This week I am standing down as a board member for PILLARS, an organisation that supports children and whānau of prisoners in Aotearoa. PILLARS is motivated by the tragic reality that children who have parents inside are nine times more likely to end up in prison than other children.
We all have a duty and an obligation to do better by them.
Over the past four years on the Board, my biggest contribution has been in supporting a focus which recognises the value that whānau can bring to the restoration and rehabilitation of their loved one back into the community.
I was also determined that we should not consider the situation for children of prisoners in isolation of their greater context of children within whānau. These are both lessons drawn from my time immersed in the Whānau Ora approach, which prioritises self-determination and a whānau context in everything we do.
The vision of PILLARS is now to “support the whānau of people in prison to create positive futures for and with their children.”
I am sad to be finishing, especially because this group of children – those with parents in prison – are arguably some of our most vulnerable.
However I believe it is time for fresh energy, and at our AGM we welcomed two new board members, Dante Fyfe (Ngapuhi, Samoa) and Nick Burns.
I cannot help but be humbled by the amazing support of volunteers and mentors for PILLARS.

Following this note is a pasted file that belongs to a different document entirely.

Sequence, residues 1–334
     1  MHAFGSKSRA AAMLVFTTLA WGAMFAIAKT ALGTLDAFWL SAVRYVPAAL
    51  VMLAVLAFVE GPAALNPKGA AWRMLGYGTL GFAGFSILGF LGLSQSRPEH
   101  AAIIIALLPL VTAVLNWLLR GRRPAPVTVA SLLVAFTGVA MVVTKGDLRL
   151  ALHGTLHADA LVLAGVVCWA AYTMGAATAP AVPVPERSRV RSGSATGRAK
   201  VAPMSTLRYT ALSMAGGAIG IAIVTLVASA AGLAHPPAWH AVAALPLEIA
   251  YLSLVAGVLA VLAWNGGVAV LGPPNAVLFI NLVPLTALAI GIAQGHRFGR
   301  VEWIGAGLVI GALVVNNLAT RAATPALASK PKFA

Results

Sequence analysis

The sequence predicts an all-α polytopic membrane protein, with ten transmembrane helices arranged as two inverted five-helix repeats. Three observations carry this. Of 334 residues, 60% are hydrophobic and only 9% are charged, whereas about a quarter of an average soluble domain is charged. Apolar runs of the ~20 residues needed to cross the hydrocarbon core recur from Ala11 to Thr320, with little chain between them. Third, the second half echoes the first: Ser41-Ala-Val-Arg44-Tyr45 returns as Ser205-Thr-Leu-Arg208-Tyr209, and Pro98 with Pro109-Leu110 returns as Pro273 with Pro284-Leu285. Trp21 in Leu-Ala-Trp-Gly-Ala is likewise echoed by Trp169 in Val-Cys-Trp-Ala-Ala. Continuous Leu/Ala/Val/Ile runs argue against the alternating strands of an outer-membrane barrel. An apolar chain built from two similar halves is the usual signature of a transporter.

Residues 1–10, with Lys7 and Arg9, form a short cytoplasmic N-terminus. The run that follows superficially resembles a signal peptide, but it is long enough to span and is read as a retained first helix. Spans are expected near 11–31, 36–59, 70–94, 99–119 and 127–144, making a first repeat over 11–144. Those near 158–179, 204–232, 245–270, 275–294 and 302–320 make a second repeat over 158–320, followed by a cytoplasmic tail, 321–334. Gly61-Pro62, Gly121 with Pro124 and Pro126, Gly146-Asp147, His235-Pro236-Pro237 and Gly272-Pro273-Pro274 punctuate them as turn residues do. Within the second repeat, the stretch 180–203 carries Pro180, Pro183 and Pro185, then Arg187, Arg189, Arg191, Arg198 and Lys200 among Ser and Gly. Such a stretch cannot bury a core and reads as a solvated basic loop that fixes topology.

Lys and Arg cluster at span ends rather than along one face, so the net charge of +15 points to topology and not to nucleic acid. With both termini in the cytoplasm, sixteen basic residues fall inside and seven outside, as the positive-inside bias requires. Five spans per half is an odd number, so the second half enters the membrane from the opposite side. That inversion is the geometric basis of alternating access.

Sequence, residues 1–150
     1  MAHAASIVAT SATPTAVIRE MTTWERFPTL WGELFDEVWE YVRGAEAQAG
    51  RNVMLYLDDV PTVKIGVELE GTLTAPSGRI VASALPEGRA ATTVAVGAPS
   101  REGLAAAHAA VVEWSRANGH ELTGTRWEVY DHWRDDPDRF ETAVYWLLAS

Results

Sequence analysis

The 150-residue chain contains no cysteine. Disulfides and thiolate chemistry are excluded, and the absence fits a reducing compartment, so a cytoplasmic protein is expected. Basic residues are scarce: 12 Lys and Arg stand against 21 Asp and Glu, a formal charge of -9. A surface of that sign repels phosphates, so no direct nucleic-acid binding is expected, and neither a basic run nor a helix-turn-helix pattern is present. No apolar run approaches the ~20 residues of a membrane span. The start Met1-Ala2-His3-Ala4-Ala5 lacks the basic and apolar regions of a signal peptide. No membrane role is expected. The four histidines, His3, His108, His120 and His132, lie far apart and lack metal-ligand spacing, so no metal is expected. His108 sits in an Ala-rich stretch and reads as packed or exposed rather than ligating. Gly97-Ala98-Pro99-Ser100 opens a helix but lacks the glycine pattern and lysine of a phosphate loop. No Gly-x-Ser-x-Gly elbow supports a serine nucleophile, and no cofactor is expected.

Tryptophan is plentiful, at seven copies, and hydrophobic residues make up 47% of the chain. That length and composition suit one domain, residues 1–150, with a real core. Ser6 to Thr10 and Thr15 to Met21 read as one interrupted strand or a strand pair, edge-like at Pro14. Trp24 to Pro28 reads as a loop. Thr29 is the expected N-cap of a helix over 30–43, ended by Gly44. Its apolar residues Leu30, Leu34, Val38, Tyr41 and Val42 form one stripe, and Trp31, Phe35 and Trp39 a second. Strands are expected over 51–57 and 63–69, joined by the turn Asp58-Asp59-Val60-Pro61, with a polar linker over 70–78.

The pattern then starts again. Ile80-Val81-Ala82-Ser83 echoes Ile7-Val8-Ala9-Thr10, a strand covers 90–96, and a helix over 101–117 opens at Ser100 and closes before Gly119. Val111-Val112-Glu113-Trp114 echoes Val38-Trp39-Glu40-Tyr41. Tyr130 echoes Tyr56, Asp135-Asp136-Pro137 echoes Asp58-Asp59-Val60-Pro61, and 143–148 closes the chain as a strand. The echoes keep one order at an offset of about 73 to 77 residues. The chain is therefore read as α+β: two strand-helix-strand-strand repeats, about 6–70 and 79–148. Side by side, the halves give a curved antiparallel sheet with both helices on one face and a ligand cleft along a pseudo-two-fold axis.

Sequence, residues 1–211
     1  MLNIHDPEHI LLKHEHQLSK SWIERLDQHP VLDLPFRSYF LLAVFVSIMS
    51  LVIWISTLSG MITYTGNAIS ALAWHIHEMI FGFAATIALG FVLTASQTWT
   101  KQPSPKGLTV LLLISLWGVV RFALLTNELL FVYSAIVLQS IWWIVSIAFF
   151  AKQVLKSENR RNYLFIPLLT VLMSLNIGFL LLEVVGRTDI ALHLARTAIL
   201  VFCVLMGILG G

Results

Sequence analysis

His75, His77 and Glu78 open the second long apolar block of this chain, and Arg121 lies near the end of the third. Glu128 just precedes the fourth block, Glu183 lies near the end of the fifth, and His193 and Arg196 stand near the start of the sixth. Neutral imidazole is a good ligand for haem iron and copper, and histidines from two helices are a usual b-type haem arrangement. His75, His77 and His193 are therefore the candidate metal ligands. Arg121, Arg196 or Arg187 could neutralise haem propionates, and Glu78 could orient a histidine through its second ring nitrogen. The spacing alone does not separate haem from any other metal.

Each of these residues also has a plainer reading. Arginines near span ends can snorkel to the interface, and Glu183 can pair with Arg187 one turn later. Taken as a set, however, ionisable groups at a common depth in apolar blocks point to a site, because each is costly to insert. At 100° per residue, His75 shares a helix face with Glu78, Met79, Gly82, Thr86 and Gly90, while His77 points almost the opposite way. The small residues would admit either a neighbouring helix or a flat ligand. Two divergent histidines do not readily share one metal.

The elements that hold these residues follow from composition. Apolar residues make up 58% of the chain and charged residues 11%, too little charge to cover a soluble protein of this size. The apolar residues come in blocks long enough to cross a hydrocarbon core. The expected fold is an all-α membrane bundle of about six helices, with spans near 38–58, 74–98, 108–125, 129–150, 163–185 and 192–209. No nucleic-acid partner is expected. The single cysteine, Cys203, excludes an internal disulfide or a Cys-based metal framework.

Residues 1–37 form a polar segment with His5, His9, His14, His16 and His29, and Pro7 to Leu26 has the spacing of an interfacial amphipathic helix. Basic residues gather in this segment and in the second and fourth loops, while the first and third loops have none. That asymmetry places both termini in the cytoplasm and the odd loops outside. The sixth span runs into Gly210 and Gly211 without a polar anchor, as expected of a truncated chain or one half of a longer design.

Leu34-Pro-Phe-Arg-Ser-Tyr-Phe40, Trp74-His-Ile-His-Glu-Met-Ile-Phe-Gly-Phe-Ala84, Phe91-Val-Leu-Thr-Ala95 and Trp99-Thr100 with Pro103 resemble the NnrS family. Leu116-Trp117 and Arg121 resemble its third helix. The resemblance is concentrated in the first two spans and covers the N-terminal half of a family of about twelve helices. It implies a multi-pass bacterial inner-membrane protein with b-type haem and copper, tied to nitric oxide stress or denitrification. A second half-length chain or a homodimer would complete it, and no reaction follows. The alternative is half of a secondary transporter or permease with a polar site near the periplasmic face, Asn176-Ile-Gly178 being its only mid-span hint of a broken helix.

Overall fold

I acknowledge the vast contribution of the Kamo whānau, particularly the late Raynoll Kamo, who was inspirational in his service and leadership as our Board kaumatua. There has been a huge legacy by trailblazers in Te Waipounamu such as Dr Liz Gordan and Verna McFelin. PILLARS was established by Verna in 1988, and over 32 years her passion for developing this into a national organisation has been enormous.
This week I was also privileged to speak at the three-day training based at Wai-Ora for the Certificate on Whānau Ora course. Among the participants were kaimahi from Purapura Whetu, Arowhenua Whānau Services, and Tū Pono Tū Tangata. The focus of the training this week was about the diversity of whānau, as well as the value of PATH planning. As they say, “there are no wrong turnings. Only paths we had not known we were meant to walk.” What is always so motivating in my times with Tipu Ora is seeing the incredible dedication and burning hunger to learn amongst the advocates and activists for Whānau Ora.
This week we welcomed Julia Maxwell (Ngāti Kahungunu) to our whānau here at Te Pūtahitanga o Te Waipounamu. She will be with us for the summer as our Human Resources People Experience Co-ordinator, researching ways that we can use technology to better engage with our kaimahi. This is something Julia is passionate about and that she is studying as part of her Masters in Commerce. Juliet has been placed at Te Pūtahitanga o Te Waipounamu through our partnership with TupuToa, a programme that helps increase Māori and Pacific representation in leadership in the corporate sector. We’re looking forward to having Juliet with us for the next few months and seeing her overhaul our systems!
Earlier this year we were pleased to support Te Hohepa Kōhanga Reo in Phillipstown, Otautahi through our Kōanga Kai initiative, allowing them to fulfil their dream of developing a new māra kai on their premises.